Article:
Try to say that title five times fast. No seriously, it will mess you up.
If you’re anything like me, you might sometimes lose track of the price of certain cards, especially if those cards are infrequently played, and the next thing you know, MOTHER OF GOD, WHY IS HORIZON CANOPY $90?!
Yeah, it’s kind of like that. And while Horizon Canopy is a great card and a staple in numerous G/W decks (often as a 1- or 2-of, however), today I’m going to take a look at some uncommon cards that are more obscure. Modern has been a driving force behind the price of cards in recent Magic history, especially cards that see little-to-no play in other formats. Cards like Blood Moon and Engineered Explosives have risen exponentially in just this past year even, and I recently had to pick up my last 2 Cavern of Souls at about $50 each. That still seems crazy to me. You know what else seems crazy? Take a look!
5. Conflagrate: $6
I’m starting with the least expensive card, but also the least played. Conflagrate is basically in two decks, in Dredge and as a 1-of in Ad Nauseam—and sometimes it’s not even in those! I mean, you have to remember that this is the same price as Eternal Witness, and while Eternal Witness has been printed about 5 separate times, it’s still a much more versatile and heavily-played card. Okay, I’ll stop sugar coating it: Eternal Witness is just better. I’m sorry Conflagrate, you knew what this was.
Interesting to note that as of writing this article, Conflagrate is sold out on ChannelFireball. There are either a lot of people out there who are planning on trying out the new Dredge deck in Modern, or one dude who is planning on discarding a lot of cards (many of which will likely be the other Conflagrates he picked up).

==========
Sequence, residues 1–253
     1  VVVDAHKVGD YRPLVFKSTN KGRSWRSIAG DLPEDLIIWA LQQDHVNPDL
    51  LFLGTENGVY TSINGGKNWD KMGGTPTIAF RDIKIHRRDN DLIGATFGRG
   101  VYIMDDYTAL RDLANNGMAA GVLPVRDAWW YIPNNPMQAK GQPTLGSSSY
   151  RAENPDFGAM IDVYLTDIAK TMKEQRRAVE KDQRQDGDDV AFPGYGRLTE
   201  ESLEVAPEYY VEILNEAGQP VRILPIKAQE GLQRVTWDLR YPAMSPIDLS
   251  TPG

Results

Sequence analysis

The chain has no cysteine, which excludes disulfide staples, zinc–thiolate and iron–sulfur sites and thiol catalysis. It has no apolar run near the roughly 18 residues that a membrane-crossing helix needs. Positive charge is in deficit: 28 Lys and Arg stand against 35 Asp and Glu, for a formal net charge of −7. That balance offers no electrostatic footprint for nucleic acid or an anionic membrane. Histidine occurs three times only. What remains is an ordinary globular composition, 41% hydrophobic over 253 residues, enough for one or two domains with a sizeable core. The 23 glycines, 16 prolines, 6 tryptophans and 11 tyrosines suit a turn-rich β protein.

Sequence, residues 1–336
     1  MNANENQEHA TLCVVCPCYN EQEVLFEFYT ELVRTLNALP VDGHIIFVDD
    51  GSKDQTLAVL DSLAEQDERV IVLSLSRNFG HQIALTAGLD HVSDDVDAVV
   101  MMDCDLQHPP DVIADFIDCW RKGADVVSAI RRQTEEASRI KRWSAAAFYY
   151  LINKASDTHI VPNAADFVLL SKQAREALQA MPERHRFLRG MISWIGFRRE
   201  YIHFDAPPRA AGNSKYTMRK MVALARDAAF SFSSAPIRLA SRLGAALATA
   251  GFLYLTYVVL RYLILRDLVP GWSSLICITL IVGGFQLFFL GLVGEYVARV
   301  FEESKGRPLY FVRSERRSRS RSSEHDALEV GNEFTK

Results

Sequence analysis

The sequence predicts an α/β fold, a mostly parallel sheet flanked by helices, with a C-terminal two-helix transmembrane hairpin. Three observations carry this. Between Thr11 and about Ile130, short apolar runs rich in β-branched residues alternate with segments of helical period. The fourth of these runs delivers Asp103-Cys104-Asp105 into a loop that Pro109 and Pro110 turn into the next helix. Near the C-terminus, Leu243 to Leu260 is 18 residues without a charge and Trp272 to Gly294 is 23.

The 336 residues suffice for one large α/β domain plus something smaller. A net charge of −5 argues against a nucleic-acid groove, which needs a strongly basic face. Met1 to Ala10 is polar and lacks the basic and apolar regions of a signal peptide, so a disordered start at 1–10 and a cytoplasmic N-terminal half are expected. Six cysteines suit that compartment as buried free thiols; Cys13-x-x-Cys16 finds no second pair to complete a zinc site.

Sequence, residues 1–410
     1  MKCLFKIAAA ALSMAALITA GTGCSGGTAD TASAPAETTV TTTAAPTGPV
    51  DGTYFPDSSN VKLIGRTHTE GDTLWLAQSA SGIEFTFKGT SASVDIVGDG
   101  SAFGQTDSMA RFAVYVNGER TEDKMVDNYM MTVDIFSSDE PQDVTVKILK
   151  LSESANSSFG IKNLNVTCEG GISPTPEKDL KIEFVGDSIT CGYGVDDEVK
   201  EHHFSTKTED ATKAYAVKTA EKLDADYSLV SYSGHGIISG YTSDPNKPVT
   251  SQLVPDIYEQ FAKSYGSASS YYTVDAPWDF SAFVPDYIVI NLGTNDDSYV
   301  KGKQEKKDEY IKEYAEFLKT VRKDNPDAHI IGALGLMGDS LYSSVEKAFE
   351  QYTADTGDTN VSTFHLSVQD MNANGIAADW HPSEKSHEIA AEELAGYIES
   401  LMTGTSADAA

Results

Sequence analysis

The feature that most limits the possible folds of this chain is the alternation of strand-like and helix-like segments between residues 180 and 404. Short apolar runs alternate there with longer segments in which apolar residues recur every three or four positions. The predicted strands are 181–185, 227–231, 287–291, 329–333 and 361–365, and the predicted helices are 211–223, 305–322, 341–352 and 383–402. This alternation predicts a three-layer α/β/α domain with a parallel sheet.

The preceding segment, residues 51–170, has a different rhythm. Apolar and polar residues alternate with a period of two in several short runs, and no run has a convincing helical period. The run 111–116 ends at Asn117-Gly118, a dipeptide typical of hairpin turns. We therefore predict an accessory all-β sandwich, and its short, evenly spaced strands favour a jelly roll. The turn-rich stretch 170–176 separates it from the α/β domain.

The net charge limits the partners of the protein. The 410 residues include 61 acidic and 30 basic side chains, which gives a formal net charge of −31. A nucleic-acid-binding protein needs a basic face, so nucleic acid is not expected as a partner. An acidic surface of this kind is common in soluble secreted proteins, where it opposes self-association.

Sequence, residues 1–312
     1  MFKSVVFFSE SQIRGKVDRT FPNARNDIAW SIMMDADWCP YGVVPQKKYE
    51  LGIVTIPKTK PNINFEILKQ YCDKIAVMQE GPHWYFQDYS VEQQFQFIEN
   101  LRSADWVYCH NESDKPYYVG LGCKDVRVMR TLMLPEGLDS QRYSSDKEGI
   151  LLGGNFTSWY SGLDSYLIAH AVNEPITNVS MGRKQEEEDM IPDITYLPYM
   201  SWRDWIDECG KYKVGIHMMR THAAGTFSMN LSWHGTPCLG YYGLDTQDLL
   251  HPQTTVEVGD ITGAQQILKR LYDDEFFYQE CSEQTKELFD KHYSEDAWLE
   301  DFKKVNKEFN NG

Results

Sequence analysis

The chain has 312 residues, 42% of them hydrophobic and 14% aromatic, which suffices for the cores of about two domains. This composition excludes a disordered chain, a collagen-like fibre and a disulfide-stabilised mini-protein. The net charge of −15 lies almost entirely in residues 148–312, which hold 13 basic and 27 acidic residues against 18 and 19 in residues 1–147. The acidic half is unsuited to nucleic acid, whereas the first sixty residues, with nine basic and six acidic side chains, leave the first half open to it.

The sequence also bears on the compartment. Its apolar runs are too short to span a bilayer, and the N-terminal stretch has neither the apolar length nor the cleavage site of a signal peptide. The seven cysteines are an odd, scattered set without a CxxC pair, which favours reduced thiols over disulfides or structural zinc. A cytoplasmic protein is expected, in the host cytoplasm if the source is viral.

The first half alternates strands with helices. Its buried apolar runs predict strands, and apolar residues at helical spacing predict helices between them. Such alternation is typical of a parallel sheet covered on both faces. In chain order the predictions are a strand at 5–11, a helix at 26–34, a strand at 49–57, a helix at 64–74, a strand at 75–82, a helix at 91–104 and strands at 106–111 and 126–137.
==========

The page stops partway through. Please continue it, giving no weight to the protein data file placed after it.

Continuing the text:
4. Might of Old Krosa: $11
Seeing a pump spell on this list just warms my heart, which has nothing to do with the fact that I would frequently sing “On Top of Old Krosa” to the tune of “On Top of Old Smoky” when playing the card. While Might of Old Krosa is in fewer decks (one), it is a 4-of in that deck, and that deck is pretty good. Just ask Tom Ross. Of course I’m talking about Infect, which has been a Modern mainstay pretty much since Modern was a thing.
I would even love to think that the fact that Infect is a popular Legacy deck contributes to the card’s high price tag—you know, twice as many formats playing the card—but Might of Old Krosa isn’t even played in the Legacy version! Infect in Modern seems solely responsible for causing a playset of Might of Old Krosa to cost around $44.
3. Cursecatcher: $11
This one makes a little more sense, as you can find Cursecatcher in both the Modern and Legacy versions of Merfolk, but again, that’s about it. Unlike Might of Old Krosa, this one doesn’t have the potential to slot into something more obscure like a Zoo deck or a R/G Aggro deck (you know, because Cursecatcher is blue, but you get the point). In fact, for any other deck that wants this effect, they could just as easily play the upgrade in Judge’s Familiar. That’s a 1/1 that flies and can also fit into any white deck that may want it. It’s also sick in my Bird tribal deck, but you guys don’t know anything about that. Yet here we are, with Cursecatcher, that fits into exactly 1 archetype, hitting the $11 mark! That also seems crazy to me.